On the issue of addressing climate change, the AIIB has heavily invested in fossil fuels, especially gas-based power plants and transmission pipelines in Central Asia and South Asia. Furthermore, it has a very minimal investment in renewable energy projects and almost no investments in decentralized energy access.
According to Claudette Arboleda from the Asian Peoples’ Movement on Debt and Development (APMDD) “AIIB is not in a hurry to shift to renewables. If it claims to adhere to the Paris Agreement, which targets a reduction of GHG emissions by 40% below 1990 levels by 2030, why then is AIIB continuing to invest in gas-fired power plants which have a life cycle of 50 years or even much longer?”
Nora Sausmikat from the Human Rights Organization Urgewald said: “The AIIB invests in infrastructure without proper verification of Human Rights and Environmental Standards. The bank doesn’t even notify people on the ground in their local languages until construction has started. There is no functioning complaint mechanism or institution affected people could turn to. European shareholders, first of all, Germany as the biggest non-regional lender, must urge the bank’s management to change track immediately.”
According to Vidya Dinker from the Indian Social Action Forum (INSAF), “for some, the AIIB had made very encouraging statements early on with its commitments to combining lending speed with high standards. Now, 5 years into its operation, impacted communities and CSOs are still demanding broader participation in policymaking, transparency, accountability mechanisms, cooperation agreements, and redressal, and the Bank has clearly fallen far short of the expectations it built up.”
The bank is also lacking adequate safeguards for human rights defenders protecting the rights of communities impacted by AIIB projects. Carmina Flores-Obanil, Asia Regional Coordinator of the Coalition for Human Rights in Development, said: “At the very least, AIIB should adopt a no-tolerance policy prohibiting threats or attacks against those who voice their concerns about AIIB projects or clients, and outline measures for the assessment, prevention, mitigation and remedy of any reprisals. It should also publicly express its support for defenders, recognizing the legitimacy and importance of their work. We need a fundamental shift to place human rights and local communities at the center of how development is conceived and implemented.”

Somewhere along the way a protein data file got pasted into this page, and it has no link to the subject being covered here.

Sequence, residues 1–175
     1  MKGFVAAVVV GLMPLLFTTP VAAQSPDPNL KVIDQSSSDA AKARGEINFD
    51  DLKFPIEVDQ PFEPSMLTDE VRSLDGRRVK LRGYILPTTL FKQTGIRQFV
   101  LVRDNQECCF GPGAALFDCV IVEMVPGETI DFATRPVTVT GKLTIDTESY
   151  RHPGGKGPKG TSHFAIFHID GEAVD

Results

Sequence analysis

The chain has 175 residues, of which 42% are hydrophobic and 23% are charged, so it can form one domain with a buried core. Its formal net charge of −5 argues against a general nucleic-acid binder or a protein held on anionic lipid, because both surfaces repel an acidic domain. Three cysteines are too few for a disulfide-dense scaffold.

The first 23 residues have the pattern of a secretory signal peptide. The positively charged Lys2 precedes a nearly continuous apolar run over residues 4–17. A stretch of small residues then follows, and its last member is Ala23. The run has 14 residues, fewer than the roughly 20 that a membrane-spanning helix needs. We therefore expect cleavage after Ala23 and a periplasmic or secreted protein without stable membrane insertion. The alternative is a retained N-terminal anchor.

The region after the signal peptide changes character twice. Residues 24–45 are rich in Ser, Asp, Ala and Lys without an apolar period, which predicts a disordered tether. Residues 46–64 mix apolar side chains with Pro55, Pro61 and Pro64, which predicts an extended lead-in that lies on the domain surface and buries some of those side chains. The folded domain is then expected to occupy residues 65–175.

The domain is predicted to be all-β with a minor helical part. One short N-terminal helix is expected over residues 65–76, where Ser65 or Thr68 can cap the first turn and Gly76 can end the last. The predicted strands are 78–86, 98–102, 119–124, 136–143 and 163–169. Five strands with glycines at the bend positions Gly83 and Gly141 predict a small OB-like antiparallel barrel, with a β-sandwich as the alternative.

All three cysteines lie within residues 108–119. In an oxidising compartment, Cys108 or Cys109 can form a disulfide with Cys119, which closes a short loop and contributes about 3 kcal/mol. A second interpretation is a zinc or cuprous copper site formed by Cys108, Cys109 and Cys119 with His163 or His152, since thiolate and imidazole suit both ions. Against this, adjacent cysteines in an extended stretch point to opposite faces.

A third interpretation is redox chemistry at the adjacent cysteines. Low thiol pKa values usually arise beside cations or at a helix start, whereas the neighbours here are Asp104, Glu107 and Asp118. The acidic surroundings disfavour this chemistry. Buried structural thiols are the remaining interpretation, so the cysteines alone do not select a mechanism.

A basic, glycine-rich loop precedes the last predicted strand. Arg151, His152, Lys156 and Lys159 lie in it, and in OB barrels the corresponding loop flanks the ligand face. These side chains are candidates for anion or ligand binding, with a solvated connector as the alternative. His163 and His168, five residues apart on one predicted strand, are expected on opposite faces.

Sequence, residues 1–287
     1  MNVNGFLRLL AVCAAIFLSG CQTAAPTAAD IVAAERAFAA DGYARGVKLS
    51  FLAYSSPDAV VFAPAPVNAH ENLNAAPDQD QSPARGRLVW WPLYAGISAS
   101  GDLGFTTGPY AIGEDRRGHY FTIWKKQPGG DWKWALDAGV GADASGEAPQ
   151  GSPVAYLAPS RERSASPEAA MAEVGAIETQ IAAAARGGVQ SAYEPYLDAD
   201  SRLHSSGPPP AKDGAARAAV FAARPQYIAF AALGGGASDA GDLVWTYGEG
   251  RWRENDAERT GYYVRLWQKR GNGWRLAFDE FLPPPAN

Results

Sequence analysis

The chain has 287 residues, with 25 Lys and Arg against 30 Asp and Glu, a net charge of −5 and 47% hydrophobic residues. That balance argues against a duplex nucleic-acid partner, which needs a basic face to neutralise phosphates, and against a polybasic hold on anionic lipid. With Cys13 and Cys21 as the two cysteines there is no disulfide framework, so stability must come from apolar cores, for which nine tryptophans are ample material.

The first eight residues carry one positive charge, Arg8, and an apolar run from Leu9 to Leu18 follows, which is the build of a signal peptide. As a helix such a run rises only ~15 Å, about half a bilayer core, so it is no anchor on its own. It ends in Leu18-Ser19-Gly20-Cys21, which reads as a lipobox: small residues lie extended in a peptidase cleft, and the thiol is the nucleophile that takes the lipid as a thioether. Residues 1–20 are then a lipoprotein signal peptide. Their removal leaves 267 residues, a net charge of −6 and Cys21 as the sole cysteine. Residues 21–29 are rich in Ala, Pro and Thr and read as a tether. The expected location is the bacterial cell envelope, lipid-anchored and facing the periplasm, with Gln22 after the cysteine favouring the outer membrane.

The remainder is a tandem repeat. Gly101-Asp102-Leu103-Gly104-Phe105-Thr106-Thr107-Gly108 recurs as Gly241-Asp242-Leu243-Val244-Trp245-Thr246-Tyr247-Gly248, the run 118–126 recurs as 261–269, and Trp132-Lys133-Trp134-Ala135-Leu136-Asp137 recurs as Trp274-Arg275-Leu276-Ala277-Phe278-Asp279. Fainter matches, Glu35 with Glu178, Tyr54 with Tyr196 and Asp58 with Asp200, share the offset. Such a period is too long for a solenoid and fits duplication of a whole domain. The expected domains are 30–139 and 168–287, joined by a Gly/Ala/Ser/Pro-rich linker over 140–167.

On the AIIB’s recent Digital Sector Strategy, Rayyan Hassan, Executive Director, NGO Forum on ADB, explained: “We are concerned that the AIIB’s promotion of automation in storage and transport will have a direct impact on unemployment of large masses of human labor, which requires further research and thorough risk assessment. Consequently, the digital infrastructure projects require significant energy supplies for operating mobile towers, server warehouses, and automated service points. The AIIB has yet to disclose whether its digital sector strategy will entail Paris Alignment and ensure just transition to renewable energy systems or will it risk further embedding the region to a fossil fuel pathway?”
Despite the AIIB’s claim of being lean, clean, and green for the past 5 years, impacted communities and civil society organizations remain uncertain whether the bank will live up to its mandate in a way that is meaningful to vulnerable people across the region.
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